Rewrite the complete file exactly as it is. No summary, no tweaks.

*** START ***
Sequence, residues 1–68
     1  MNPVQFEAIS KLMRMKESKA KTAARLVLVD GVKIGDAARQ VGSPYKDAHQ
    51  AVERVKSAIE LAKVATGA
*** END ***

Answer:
Sequence, residues 1–68
     1  MNPVQFEAIS KLMRMKESKA KTAARLVLVD GVKIGDAARQ VGSPYKDAHQ
    51  AVERVKSAIE LAKVATGA